How To Invest In Penny Stocks With Less Risk

| August 18, 2008 | 0 Comments

A few years back I was doing some consulting work for a penny stock company.  The CEO introduced me to an investor named Barry.  Barry isn’t like other investors.  First, he had lots of money.  Second, he invested lots of money into penny stocks.  And third, he liked to get involved in his investments.

He was in the truest sense of the phrase an activist investor.

Unlike most investors his portfolio was very concentrated.  Barry was unique.  He’d back micro capitalization (penny stock) companies.  He’d work with the management team.  He’d introduce other investors.  He’d try to drum up new customers.  He’d conduct market intelligence.  He was the most active investor I’ve ever met.

Investing in penny stocks was a full time job for him.

I’m not sure how much, but I know Barry made millions with his investments.  Now occasionally he’d have a loser in his portfolio – we all do.  But when he had a winner he made serious money.  The more I learned about Barry the more I realized this was fun for him.  He invested for the joy of investing.

Unfortunately, we all can’t be like Barry.

It sounds like fun, but being that involved is very time consuming.  It’s also risky.  You have to really commit to an investment.  It might take years for your investment to pay off . . . and it might be longer before you get your money out.

There’s an easier way . . .

Just like Barry, I like investing in penny stocks.  If you do it right the returns can be huge.  But it takes lots of time and effort.  And you can’t just focus on one company.  You need to spread your investing dollars around.  You need to find 10 or 20 ideas, sometimes more!

Does anyone really have that much time to dedicate to research?

Unfortunately, there isn’t an ETF for investing in penny stocks.  And if there was one . . . I don’t know how much I’d actually trust it.  Penny stock investing requires lots of research and due diligence.  You really need to know your stuff.

Recently, I started looking at managed funds.  There’s numerous funds that focus on the micro-cap or penny stock area.  Some have performed exceptionally well, others – not so good.  In my research, I actually found two that I really liked.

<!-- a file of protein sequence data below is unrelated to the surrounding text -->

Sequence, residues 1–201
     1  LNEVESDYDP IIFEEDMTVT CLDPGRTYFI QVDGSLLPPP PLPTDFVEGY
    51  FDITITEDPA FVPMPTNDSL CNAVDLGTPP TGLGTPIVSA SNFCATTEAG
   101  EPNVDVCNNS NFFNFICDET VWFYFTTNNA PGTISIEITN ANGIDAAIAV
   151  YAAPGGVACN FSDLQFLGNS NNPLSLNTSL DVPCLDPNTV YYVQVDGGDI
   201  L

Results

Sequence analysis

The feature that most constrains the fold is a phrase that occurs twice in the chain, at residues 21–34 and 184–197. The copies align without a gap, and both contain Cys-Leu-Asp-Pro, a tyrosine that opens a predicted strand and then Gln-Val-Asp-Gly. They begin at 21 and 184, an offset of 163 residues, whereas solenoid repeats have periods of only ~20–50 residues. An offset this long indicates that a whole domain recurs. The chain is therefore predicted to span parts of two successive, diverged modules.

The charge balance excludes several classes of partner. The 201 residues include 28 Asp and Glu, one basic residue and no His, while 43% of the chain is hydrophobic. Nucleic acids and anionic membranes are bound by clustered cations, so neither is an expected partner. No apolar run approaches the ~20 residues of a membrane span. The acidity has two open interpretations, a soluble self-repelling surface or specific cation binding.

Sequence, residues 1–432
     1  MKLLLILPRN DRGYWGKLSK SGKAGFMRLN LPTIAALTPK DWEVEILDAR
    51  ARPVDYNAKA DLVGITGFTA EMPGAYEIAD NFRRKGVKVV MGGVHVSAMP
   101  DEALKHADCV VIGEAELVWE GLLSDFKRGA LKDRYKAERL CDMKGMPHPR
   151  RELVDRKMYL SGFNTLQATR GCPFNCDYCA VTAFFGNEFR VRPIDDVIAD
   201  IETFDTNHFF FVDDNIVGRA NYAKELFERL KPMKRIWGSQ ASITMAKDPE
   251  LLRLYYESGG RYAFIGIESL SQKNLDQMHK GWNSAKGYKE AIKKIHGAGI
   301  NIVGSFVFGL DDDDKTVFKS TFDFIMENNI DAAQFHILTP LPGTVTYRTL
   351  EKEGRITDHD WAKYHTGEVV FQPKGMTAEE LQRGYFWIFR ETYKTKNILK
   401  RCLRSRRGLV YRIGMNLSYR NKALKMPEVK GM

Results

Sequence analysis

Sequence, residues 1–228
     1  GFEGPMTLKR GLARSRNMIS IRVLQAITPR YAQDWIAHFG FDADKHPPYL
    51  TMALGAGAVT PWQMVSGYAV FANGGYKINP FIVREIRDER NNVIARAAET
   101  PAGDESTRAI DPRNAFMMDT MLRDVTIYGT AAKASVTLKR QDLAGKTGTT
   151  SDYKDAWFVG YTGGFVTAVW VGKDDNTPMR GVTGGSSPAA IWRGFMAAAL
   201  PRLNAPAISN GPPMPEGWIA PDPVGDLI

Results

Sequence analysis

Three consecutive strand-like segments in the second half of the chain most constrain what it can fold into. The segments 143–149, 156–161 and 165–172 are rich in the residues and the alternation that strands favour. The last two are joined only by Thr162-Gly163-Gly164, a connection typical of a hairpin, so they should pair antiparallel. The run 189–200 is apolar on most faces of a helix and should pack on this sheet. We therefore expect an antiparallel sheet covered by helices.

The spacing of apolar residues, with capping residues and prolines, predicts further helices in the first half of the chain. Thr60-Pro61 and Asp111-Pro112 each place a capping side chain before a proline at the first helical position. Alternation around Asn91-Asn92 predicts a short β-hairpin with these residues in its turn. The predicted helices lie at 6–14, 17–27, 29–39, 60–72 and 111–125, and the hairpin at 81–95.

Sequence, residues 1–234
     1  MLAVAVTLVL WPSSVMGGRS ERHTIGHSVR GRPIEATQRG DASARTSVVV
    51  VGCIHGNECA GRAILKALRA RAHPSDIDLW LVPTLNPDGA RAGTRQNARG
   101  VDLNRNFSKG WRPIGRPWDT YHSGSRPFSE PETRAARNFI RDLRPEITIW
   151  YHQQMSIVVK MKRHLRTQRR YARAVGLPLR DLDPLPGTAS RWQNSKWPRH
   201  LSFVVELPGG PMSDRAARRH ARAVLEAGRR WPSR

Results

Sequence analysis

The fund at the top of my list is Turner Microcap Growth Fund (TMCGX).  Over the last 5 years this fund’s returned more than 15% per year on average . . . which is a great return.  The fund holds $600 million in assets and is diversified into about 130 holdings.  The expense ratio is 1.4%.  They have a great list of holdings, some of which I’m going to look at a little more closely in the future.

There’s only one problem.

The fund’s closed to new investors.  If you happen to already own it, keep funding your investment.  If not . . . keep an eye on it in case it reopens to new investors.

In the meantime, I’ve got another suggestion for you.

The Bjurman, Barry Micro-Cap Growth fund (BMCFX) is second on my list.  This fund, just like the Turner Growth fund has had a great run. Over the last 10 years this fund’s returned an average of more than 12% per year.  Not bad.  Although the fund’s down some 24% this year,  now might be a good time to buy the fund “on sale”.  The fund has $168 million to invest and they spread it between 60 to 70 positions.

At 1.69% the fund fee’s a bit high but the portfolio manager’s proven he can make money.  Provided he can get back on a winning streak, he’ll definitely earn every penny he collects.

This fund is still open to new investors, but who knows how long that’s going to last.  Lots of these smaller funds stop taking new money at some point.  I know it seems strange, but having too much money can hurt their returns.  If you like investing in penny stocks, take a close look at these funds.

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Category: Penny Stocks

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The Dynamic Wealth Report works with a number of staff writers and guest experts who specialize in everything from penny stocks to ETFs to options trading. These guest analysts post under the 'staff writer' moniker for ease of use.

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